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John Abercrombie: Characters

John Kelman By

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John Abercrombie—CharactersJohn Abercrombie
Characters
ECM Records
1978

Guitarist John Abercrombie's emergence as a guitarist of singularity seems, in retrospect to have happened very quickly. A band member in the horn-driven jazz-rock band Dreams alongside drummer Billy Cobham and the Brecker Brothers, as well as stints with fusion keyboardist Barry Miles, saxophonist Gato Barbieri and Cobham's own group, it was a remarkable period of evolution for the guitarist. Abercrombie made his first ECM appearance with Dave Liebman on the saxophonist's own label debut Lookout Farm (1974), but within seven months of its recording in October, 1973, he was back in the studio making his first ECM album as a leader (and the beginning of a relationship that continues to this day). Timeless, released in 1975, quickly established the guitarist as a bandleader and writer of note, with its lyrical, atmospheric title track ultimately becoming an off-covered modern standard.

But at this time, Abercrombie was still finding out who he was musically; as great as Timeless is, it's hard not to feel the spirit of Mahavishnu Orchestra's John McLaughlin looming large over this trio date with Jack DeJohnette and ex-Mahavishnu keyboardist Jan Hammer. But while Abercrombie had already forged a strong relationship with DeJohnette—appearing on the drummer's earlier Prestige albums but, more importantly, as a member of the collaborative Gateway trio (with bassist Dave Holland) and the drummer's Directions band, whose New Rags (1977) was a recent Rediscovery—it was his ongoing relationship with guitarist/pianist Ralph Towner that had an even more lasting impact. In a 2004 All About Jazz interview, Abercrombie cited Towner as someone with whom he immediately connected as a friend when they were living in Boston in the late '60s. More important, however, was his comment that "He was a powerful influence on me as a player and also as a composer. He's one of my favorite musicians, period, but his songs really attracted me and that influenced how I started to write songs."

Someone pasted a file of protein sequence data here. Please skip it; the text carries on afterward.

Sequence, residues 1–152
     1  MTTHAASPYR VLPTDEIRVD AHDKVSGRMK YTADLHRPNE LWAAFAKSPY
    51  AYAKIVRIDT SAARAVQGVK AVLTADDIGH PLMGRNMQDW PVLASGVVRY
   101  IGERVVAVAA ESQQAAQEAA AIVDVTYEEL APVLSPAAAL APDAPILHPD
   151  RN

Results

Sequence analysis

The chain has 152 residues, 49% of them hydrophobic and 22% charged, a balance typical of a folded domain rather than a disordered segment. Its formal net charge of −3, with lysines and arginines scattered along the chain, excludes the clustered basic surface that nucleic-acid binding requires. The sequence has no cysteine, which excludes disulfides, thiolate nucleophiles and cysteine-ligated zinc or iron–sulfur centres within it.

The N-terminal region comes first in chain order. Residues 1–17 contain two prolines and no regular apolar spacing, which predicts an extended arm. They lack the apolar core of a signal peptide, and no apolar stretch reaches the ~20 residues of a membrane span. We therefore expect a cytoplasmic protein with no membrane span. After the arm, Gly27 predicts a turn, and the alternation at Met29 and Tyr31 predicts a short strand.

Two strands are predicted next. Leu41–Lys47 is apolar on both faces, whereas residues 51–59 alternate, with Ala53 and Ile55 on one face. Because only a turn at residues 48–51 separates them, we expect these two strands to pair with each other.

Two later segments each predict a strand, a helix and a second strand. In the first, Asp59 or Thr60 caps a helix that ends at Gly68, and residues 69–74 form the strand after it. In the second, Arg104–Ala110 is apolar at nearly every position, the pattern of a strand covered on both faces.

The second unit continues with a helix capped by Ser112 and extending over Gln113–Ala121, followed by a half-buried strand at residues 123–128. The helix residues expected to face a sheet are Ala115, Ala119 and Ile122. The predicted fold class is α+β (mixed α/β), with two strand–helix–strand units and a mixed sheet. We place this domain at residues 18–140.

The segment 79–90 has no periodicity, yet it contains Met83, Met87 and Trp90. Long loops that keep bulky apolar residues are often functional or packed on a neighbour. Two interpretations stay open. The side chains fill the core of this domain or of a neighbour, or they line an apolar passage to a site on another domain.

While Gateway's 1975's eponymous ECM debut was extremely well-received—suggesting that change was certainly in the air for the guitarist—it was more of a transitional album for Abercrombie. So, too—but to an even greater degree—was the 1976 debut of Abercrombie's duo with Ralph Towner, Sargasso Sea. But the real watershed album for the guitarist—positioning Abercrombie as a writer of note and a player who'd completely left his fusion days behind him, emerging as a guitarist who never seemed to play the same thing twice, was refreshingly free of the signature licks that even some of his similarly talented peers seemed to fall back upon at times, and yet never sounded like anyone else, is today's Rediscovery. Characters is a true solo recording, where the guitarist wrote all eight compositions and, overdubbing electric and acoustic guitars alongside the electric mandolin that became a personal signature through to the early '80s, remains one of the most impressive solo guitar records ever made. With a largely warm, reverb-heavy tone on electric mandolin and guitar, with Characters Abercrombie had left any vestiges of McLaughlin far behind, more akin, instead, to Jim Hall (if anyone) in his ability to remain relentlessly fresh and non-repetitive.

Unlike other guitarists who enjoyed working in the solo milieu like the more mainstream Joe Pass—whose music always seemed like nothing more than a context-setter for the guitarist's undeniably impressive improvisational acumen—for Abercrombie, while improvisation was a key element, so, too, was the writing. In fact, one of Characters' most enduring qualities is how Abercrombie totally blurs the line between form and freedom across a set of compositions so memorable that, even hearing them for the first time in a few years, they're instantly recognized like old friends. "Ghost Dance" may be filled with spontaneous creation, with layers of acoustic guitars, volume pedal-swelling electrics and more; but every time the octave-driven motif that defines the piece arrives as a rallying point, it becomes clear there is more method to his work, even at its most unfettered.

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